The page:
Last of Declared Chemical Weapons Removed from Syria

An international effort to dismantle Syria’s chemical weapons arsenal draws to a close but Assad could still have poison gasses.

The container ship MV Cape Ray arrives at Naval Station Rota, Spain, February 13
The container ship MV Cape Ray arrives at Naval Station Rota, Spain, February 13 (US Navy)

The head of the Organization for the Prohibition of Chemical Weapons announced on Monday it had removed the last of Syria’s declared poison gasses from the wartorn country.

Ahmet Üzümcü told reporters in The Hague the weapons had been loaded on a Danish ship and departed the Syrian port of Latakia.

The weapons are due to be delivered to the American ship MV Cape Ray, specially outfitted to destroy Syrian chemicals at sea, as well as commercial facilities in Finland, Germany, the United Kingdom and the United States.

Üzümcü cautioned he could not say for certain that Syria had declared all its poison gasses. “All we can do is work on the basis of verifying a country’s declarations of what they have,” he said.

An international effort to dismantle Syria’s chemical weapons arsenal, previously believed to be the Middle East’s largest, got underway more than a year ago when the United States said Syria had crossed a “red line” by gassing civilians. While the regime of President Bashar Assad denied using chemical weapons, it jumped on a suggestion from its ally Russia to offer to give up its arsenal to stave off Western intervention in the civil war.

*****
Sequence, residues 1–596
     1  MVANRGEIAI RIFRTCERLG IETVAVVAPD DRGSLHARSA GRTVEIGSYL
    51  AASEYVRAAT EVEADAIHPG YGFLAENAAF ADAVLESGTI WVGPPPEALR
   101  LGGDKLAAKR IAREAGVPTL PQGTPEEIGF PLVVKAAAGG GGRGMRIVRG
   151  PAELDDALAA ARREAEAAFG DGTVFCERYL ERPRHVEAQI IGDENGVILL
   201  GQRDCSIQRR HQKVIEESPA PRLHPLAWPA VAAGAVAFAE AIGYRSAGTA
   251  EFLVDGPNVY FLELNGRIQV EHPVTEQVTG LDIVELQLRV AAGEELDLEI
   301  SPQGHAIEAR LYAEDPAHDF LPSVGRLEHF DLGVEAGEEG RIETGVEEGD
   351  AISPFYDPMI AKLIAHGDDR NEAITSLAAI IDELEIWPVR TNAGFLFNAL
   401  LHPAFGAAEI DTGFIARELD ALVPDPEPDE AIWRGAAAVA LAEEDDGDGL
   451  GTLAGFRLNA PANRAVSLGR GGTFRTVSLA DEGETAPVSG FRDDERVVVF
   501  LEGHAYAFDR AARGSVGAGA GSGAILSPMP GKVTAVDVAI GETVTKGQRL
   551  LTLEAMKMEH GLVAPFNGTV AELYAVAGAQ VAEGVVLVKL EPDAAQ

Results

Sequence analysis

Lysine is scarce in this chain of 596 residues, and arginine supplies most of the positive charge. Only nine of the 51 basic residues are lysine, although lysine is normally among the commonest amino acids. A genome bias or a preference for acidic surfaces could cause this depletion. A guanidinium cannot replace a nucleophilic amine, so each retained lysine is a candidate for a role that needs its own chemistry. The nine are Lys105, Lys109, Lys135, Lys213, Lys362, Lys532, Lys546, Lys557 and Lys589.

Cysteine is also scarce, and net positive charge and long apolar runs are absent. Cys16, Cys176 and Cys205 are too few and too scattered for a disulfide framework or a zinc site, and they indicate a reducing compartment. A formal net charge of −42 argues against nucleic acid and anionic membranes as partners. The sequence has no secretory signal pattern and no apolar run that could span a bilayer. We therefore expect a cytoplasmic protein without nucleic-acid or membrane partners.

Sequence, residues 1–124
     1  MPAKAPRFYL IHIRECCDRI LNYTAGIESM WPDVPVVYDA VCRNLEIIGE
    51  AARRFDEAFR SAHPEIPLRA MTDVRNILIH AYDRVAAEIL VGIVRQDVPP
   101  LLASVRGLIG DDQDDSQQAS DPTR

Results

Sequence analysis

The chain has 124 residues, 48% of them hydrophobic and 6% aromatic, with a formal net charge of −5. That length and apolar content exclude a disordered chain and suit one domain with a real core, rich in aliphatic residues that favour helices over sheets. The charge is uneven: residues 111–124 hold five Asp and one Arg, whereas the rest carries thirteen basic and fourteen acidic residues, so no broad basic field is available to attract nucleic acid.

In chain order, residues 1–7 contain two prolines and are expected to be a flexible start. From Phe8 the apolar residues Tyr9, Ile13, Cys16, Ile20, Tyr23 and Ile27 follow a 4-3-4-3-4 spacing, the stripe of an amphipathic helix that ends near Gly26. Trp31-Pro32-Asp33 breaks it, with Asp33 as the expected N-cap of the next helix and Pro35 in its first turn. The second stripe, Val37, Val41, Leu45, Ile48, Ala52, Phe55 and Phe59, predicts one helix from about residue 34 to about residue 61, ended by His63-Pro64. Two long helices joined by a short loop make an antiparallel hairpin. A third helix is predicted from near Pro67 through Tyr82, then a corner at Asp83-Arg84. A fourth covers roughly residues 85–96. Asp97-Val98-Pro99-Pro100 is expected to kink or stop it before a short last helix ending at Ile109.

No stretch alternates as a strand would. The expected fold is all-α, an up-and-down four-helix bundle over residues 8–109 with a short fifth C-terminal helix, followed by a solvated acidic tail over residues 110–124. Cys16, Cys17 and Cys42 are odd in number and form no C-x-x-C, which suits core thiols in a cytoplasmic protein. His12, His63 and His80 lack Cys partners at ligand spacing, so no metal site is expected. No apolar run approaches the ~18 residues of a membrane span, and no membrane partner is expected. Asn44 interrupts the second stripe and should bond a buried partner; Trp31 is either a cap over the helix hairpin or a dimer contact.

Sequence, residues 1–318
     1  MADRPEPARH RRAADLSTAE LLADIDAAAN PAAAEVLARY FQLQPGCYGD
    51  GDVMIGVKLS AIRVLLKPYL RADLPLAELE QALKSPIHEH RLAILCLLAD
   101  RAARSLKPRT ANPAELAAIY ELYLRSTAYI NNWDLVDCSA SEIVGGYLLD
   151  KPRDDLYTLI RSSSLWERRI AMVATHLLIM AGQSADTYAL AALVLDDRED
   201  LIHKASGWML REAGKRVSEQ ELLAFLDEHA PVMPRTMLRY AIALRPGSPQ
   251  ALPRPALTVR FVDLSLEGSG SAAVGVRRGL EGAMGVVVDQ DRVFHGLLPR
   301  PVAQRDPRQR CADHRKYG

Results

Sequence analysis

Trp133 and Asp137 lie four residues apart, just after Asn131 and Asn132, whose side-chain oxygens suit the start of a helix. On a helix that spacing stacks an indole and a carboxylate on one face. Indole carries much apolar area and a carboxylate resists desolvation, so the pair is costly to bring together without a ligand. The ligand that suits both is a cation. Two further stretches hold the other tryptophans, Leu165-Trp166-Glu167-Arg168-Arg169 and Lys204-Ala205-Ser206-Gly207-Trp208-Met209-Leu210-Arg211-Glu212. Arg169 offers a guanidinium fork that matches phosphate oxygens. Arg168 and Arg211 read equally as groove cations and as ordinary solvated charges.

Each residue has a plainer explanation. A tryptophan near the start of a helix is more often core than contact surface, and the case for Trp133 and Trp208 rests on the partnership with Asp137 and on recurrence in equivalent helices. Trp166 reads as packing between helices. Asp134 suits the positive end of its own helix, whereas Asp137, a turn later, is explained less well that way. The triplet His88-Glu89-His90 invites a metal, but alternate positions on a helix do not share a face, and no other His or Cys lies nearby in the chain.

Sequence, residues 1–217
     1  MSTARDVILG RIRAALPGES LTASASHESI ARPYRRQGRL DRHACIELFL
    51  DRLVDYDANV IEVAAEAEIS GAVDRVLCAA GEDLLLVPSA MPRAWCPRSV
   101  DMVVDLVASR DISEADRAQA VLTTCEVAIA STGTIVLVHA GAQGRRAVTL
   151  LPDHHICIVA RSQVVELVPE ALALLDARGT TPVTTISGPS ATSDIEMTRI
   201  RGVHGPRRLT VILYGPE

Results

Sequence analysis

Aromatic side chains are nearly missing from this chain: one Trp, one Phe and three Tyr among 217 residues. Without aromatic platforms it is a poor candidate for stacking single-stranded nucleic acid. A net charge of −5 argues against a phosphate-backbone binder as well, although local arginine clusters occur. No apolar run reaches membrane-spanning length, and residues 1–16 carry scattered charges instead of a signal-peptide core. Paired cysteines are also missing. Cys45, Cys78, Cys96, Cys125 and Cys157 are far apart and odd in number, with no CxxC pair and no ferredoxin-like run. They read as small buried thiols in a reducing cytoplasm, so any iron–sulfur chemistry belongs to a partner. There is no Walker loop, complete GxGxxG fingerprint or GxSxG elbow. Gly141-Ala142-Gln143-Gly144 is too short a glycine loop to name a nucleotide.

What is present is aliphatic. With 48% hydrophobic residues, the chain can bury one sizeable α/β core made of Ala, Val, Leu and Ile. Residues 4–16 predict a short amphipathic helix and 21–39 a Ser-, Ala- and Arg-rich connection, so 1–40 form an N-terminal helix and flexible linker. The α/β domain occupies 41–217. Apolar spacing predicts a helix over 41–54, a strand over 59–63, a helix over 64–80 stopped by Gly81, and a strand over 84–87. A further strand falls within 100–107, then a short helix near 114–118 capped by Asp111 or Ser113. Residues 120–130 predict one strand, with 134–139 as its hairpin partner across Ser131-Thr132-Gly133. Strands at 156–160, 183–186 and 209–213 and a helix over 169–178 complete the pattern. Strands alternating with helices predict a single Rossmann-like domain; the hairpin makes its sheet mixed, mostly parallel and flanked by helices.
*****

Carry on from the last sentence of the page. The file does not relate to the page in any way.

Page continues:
Experts warned that Syria might only declare its outdated weapons and secretly keep its more sophisticated chemicals. The American Interest‘s Adam Garfinkle wrote as recently as April, “It would keep the newer, more usable and lethal munitions and con us into being a hazmat garbage collector for the rest of the militarily marginal toxic junk that had piled up over the decades — and we’d foot the bill.”

The effort also forced Western countries into a coalition with a regime they claimed to oppose, since it was the only faction in Syria capable of providing the security needed to remove the weapons.

Whatever the scale of the chemical weapons destruction, it has not stopped Assad from deploying other brutal tactics against civilians and his opponents alike, including dropping barrels bombs on populated areas and withholding food and medicine from rebel areas.

While it is impossible to say how many Syrians have died in the conflagration since early 2011, opposition groups put the total at anywhere between 110,000 and 232,000 as of May this year.